The key holes do an excellent job of illustrating both why experience matters at Augusta National as well as what skill sets are critical for success at the storied venue. While the first nine has its own critical shots to keep an eye on, the second nine is where fortunes seem to turn one way or another. The closing side's plethora of water holes (at eleven, twelve, thirteen, fifteen and sixteen) and greens with small shelves and low collection areas (at thirteen, fourteen, sixteen and eighteen) can polarize the results of golf shots just off by a percent here or there. A few feet to the good in the right places can be a two or three shot swing over a few feet the wrong way on the second nine at Augusta National Golf Club.

The par-four tenth and eleventh holes are the hardest pars on the second nine at Augusta. They require opposite shapes off the tee but at both holes the misguided drive is likely to find pines on either side of the fairway. Depending on the day, well placed tee shots will leave in middle irons to a pair of greens that slope from right to left. At the tenth, the miss on the high side right will leave a bunker shot back down the hill. Conversely, the eleventh green slopes down towards a pond that runs the length of the entire left side. The pro miss to the high there leaves a terrifying pitch down towards the water.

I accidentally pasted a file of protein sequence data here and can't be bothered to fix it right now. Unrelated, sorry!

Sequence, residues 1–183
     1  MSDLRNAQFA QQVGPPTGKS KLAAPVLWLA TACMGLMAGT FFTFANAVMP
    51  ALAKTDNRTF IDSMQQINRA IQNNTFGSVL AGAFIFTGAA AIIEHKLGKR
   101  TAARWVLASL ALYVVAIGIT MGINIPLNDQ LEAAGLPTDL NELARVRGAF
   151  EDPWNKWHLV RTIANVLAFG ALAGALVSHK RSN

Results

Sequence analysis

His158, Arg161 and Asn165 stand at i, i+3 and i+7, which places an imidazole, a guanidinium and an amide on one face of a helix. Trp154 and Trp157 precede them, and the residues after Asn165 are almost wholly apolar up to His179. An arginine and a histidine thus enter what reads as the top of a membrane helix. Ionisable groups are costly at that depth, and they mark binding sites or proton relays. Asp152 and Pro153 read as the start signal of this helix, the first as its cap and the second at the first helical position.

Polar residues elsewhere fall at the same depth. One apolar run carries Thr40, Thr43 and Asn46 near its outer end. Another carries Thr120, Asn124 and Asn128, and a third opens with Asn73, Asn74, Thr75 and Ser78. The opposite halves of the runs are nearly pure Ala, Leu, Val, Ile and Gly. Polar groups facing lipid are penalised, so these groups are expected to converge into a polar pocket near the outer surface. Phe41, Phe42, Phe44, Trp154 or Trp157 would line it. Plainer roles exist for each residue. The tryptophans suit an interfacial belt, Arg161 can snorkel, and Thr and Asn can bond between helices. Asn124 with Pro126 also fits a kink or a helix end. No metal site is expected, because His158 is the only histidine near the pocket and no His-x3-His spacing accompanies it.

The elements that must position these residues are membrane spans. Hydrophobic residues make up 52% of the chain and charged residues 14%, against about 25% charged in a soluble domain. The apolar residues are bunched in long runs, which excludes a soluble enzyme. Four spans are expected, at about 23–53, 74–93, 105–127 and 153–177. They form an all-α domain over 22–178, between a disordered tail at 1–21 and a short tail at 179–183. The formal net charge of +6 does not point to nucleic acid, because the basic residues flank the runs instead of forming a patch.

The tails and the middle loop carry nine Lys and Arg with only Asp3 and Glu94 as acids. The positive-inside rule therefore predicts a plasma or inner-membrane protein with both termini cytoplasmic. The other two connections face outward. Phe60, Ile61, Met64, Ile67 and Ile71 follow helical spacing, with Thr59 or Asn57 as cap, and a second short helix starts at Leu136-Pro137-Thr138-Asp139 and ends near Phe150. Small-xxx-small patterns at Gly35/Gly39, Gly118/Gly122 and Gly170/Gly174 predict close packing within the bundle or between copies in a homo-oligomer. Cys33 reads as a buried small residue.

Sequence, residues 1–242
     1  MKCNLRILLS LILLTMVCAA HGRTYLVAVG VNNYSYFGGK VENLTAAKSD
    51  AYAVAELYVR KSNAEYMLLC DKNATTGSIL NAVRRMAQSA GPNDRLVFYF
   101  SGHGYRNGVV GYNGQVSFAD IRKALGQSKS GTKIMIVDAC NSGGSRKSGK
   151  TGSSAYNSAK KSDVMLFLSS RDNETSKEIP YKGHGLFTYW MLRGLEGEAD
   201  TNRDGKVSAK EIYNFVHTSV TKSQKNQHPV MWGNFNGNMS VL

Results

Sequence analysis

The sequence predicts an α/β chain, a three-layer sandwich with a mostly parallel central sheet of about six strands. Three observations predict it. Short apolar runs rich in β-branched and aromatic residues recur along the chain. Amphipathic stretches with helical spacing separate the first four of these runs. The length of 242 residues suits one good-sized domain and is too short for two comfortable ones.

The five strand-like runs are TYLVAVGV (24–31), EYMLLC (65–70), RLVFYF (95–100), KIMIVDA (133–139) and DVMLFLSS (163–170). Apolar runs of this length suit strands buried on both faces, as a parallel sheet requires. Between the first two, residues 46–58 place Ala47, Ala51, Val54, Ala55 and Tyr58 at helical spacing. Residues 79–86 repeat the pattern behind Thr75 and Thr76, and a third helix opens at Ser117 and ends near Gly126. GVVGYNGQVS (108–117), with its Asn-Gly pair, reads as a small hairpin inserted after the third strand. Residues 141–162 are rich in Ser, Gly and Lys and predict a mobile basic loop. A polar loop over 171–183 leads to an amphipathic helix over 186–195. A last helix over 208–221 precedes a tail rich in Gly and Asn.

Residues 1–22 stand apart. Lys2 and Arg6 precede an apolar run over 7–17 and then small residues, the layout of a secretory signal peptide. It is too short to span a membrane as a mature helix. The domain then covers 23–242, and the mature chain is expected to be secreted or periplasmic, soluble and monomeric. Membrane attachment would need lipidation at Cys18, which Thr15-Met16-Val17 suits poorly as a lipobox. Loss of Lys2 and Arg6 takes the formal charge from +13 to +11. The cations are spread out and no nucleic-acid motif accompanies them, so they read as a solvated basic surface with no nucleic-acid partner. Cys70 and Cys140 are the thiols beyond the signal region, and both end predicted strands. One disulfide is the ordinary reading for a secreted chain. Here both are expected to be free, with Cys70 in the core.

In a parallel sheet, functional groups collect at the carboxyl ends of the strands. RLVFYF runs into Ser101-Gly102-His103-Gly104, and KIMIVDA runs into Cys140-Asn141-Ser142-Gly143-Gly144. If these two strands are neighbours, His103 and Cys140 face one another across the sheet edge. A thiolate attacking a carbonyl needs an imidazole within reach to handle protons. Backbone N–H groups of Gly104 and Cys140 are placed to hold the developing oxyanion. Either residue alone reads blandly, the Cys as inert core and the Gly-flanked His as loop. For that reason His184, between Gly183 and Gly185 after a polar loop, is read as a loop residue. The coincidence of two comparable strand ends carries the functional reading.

The judgment and control of distance into the greens is paramount everywhere at Augusta National, but no hole provides a better illustration of this than the terrifying one-shot twelfth. The par-three plays as the shortest hole on the golf course, but the shallow greensite located on the banks of Rae's Creek always proves to be a confounding target as the wind swirls through the nearby pines. Many Masters hopes have drowned in the creek and last year proved to be no exception. Experienced Tiger Woods played the ball over the left side of the front bunker to safety while leader Francesco Molinari and chasers Ian Poulter, Brooks Koepka and Tony Finau all failed to clear the hazard and made bogies and doubles.